Developing a social media marketing strategy can feel extremely daunting if you’re new to the idea. You may already have some goals in mind, but no idea about how to achieve them. Or you may not even be sure what you want to achieve with social media, but just feel that it’ll be a good thing for your business. The question is, where do you start?
First Things First
Your initial consideration is which social media platform to choose. Or to put it another way, where are you likely to find your target demographic? Resources such as the Pew Research Centre can help here, as this organisation has some excellent breakdowns of demographics for various platforms.
Your Brand Identity
Once you’ve picked a platform, it’s time to think about the kind of voice and tone you want your brand to display on social media. The voice of your brand will dictate the tone you use in your social media content, and it’s important to get this right from the start. Here it can help to think of your brand as a person, and try to describe it in terms of human personality characteristics.
What about Content?
For the most part, social media content falls into one of five types: status updates, links, quotes, images, and reshares of existing content. For most brands, one particular kind of update ends up being used most frequently, with additional content types being used less frequently.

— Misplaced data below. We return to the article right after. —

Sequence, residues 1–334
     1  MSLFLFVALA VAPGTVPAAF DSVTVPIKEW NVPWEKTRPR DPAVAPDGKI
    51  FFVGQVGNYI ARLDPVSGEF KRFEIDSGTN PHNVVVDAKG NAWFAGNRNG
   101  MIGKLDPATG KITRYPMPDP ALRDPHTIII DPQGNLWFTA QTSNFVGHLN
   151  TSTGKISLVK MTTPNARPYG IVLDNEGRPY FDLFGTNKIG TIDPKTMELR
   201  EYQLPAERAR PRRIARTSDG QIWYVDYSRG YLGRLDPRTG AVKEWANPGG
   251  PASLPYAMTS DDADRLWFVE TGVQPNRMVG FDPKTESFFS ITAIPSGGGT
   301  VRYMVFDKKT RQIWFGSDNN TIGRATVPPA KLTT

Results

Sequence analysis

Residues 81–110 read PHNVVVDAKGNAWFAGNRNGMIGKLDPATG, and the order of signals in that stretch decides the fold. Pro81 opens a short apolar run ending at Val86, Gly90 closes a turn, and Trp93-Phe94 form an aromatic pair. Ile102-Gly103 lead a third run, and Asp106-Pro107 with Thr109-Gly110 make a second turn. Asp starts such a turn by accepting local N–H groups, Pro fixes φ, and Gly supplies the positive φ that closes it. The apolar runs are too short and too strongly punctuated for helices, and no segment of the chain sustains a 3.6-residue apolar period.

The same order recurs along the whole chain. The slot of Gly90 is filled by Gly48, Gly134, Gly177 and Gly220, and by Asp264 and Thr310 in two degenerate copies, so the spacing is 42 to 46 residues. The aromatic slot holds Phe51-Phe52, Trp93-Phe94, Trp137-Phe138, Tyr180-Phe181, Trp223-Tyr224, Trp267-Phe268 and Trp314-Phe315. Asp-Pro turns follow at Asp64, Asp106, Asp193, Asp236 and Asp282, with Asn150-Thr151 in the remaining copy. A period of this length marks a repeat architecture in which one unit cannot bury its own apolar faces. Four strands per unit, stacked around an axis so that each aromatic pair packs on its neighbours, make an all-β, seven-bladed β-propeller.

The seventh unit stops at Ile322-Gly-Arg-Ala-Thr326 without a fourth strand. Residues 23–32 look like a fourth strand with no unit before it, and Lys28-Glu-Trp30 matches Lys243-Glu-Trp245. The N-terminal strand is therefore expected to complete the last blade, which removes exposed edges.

This strategy has a number of benefits: it’s a way of displaying your brand identity, your audience comes to know what they can expect from you, and it can even make content creation more efficient. Note, however, that some kinds of content are more popular and engaging than others. On Facebook, for example, posts that contain images get more comments, likes, and shares than any other kind of content, so regardless of your main content style, including images whenever possible is always a good strategy.
Frequency and Timing
The ideal update frequency varies across platforms: twice a day is generally desirable on Facebook, while on Twitter—a much faster-paced platform—upwards of five times a day is preferred.
Think about timing, too, in terms of when your target audience is most likely to be available to engage with you. The goal is to post content when they have downtime—for example, before work, during lunch, and in the evenings. But don’t forget to take your specific audience demographics into account; for example, if your audience is comprised mostly of stay-at-home parents, your posting schedule may look different.